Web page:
Growing up in England

Growing up in England

I hope you’ve been enjoying your travels to Europe!

Today I’m excited to introduce you to the Seddon Family of Lancashire, England.

The Seddons are a Charlotte Mason-influenced homeschooling family who loves nature – in fact, the mother Lynn even wrote a book about exploring nature together!

Growing up around the world: A series

Tell us a little bit about your family.

We are the Seddon family: mum and dad, Elianna aged 13 years, and Rose aged 10 years.

Tell us a little bit about where you live and how long you’ve lived there.

We have always lived in Lancashire, which is a county in the northwest of England.

“We have a beautiful forest and park near where we live. I usually walk my dog Boomer in the forest every day.” ~ Elianna

What do you think is unique and special about living where you do?

Lancashire is a beautiful, green place. The reason it is so green is that we have so much rainfall!

There’s a mixture of rolling hills, beautiful forests, old coal mining and cotton mill towns (the Lancashire coalfield was one of the most prolific in England.) We have castles, cathedrals, and many beautiful churches – it is such a lovely corner of England.

“I have a nice garden, and lots of room for pets. There are lots of shops to buy Pokemon cards. We have a big canal with a pond that has lots of fish, ducks and tadpoles.” ~ Rose

What languages are spoken there? If it’s different from English, can you help us learn a few common phrases?

England is full of regional accents, and although many no longer speak with a regional tongue, they are definitely still heard, especially amongst the older folk.

Here is a Lancashire folk song on YouTube that is sung in traditional Lancastrian accents:

From YouTube: “It is a classic English folk-song example of where the words, in this case a lament regarding the brutal changing economic conditions just before the start of the Industrial Revolution, are sung to a tune which is almost jolly and happy.”

What are some traditional foods there?

Each region of England has its own traditional fare, here are a few traditional Lancashire dishes:

Lancashire Hot Pot

A dish made traditionally from lamb or mutton (older sheep that has a much stronger flavor and tougher meat than lamb), onions and chopped potatoes, which traditionally would be left to bake in the oven all day in a heavy pot and on a low heat.

Chorley Cakes

Simply currants pressed into pastry and baked, Chorley cakes are delicious!

Treacle Toffee

Well known to Lancashire folk, this is an extremely sticky, chewy sweet (candy) that is eaten on Guy Fawkes Night, the 5th of November each year.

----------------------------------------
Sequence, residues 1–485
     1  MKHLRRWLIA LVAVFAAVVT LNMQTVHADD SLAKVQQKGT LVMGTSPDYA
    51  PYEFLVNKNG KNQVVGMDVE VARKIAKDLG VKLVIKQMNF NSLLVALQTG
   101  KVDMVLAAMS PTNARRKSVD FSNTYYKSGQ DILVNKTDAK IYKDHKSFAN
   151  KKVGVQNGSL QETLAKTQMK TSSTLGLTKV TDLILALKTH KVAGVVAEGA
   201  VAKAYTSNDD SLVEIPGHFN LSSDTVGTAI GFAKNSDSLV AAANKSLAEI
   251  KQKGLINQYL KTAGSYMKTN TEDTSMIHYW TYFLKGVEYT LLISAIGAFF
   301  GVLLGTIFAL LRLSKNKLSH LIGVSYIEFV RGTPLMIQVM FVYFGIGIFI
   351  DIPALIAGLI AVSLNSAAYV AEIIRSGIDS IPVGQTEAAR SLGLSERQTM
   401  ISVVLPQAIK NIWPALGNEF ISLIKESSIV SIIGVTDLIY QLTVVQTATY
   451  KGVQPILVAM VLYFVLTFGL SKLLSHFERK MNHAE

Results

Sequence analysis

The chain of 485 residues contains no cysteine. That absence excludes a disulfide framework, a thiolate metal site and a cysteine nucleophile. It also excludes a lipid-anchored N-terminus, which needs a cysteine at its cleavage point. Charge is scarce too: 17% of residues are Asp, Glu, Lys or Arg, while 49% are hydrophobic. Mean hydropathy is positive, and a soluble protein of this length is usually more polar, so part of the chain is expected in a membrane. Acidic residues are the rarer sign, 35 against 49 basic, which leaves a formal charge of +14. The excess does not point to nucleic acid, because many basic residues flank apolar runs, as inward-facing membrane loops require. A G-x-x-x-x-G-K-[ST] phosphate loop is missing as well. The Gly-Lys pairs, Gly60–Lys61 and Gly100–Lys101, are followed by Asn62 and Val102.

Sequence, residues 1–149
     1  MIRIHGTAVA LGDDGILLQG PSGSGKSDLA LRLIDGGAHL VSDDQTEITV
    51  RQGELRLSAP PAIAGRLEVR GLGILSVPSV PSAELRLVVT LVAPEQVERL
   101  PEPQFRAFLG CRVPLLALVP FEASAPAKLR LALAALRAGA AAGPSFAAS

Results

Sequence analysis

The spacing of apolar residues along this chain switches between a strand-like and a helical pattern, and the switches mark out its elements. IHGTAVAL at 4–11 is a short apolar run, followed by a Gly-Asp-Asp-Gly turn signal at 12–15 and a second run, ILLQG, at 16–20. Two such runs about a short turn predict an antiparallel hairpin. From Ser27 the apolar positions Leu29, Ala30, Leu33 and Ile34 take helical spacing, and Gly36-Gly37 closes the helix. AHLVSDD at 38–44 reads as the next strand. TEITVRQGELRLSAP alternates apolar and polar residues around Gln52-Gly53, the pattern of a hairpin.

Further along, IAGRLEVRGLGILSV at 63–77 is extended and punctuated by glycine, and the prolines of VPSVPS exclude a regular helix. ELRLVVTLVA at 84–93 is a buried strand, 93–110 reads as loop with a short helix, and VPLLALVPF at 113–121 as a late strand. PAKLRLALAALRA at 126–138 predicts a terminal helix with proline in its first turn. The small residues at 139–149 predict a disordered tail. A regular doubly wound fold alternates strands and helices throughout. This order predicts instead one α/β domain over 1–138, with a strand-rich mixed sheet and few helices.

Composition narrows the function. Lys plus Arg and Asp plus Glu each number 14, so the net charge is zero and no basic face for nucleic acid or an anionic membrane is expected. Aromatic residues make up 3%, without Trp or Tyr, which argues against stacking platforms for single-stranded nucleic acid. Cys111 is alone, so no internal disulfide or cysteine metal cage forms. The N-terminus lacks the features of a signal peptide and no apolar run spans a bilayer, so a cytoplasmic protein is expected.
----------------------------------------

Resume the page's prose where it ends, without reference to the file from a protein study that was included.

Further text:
(Guy Fawkes Night is a commemoration of the discovery of the “gunpowder plot,” where by Guy Fawkes attempted to blow up the House Of Lords in London, and consequently, King James I.)


Tell us about the climate where you live.

As I mentioned earlier, Lancashire is a very rainy county, with an average of 174 days of rainfall per year.

Our seasons are usually pretty distinct, although on the milder side. For example, we only had a couple of days of snow last winter, but lots of rain!


What does school look like for the majority of kids where you live?

Compulsory education begins in the UK at age 5 (though children as young as 4 may begin school) with what is known as “primary education.” At age 11, the child then starts “secondary education,” upon moving to a high school.

At age 16, the young person takes a number of exams known as GCSEs, and then begins a two-year stage of education known as “sixth form” or “college,” which involves studying a small number of subjects and taking exams known as “A Levels,” or the other option is to take more vocational studies, such as BTECs.

“School looks like a big building and inside there are rooms full of chairs and you sit on those chairs and learn.” ~ Eliana

“Some kids say boring, some kids say fun, some kids don’t really care! I haven’t been to school, so I do not really know what it is like.” ~ Rose

What does school look like for your family?

I discovered home education when my now 13-year-old daughter was just 4 months old.

I read the home education series by Charlotte Mason, whose influence over the British education system has sadly been lost. It touched my heart, and I try to apply her principles to our days.


My children began formal academics at around age 6-7, which was much later than their school attending peers. We also have much shorter lessons until high school age, based on the principles of Miss Mason.

My children do need to take exams however, so we need to follow the GCSE syllabus at some point, and Elianna began the biology course last year. 

“A small building full of socks!*” ~ Elianna

“Sometimes there are tantrums, sometimes it is boring, sometimes it is fun when we play games and read good stories.” ~ Rose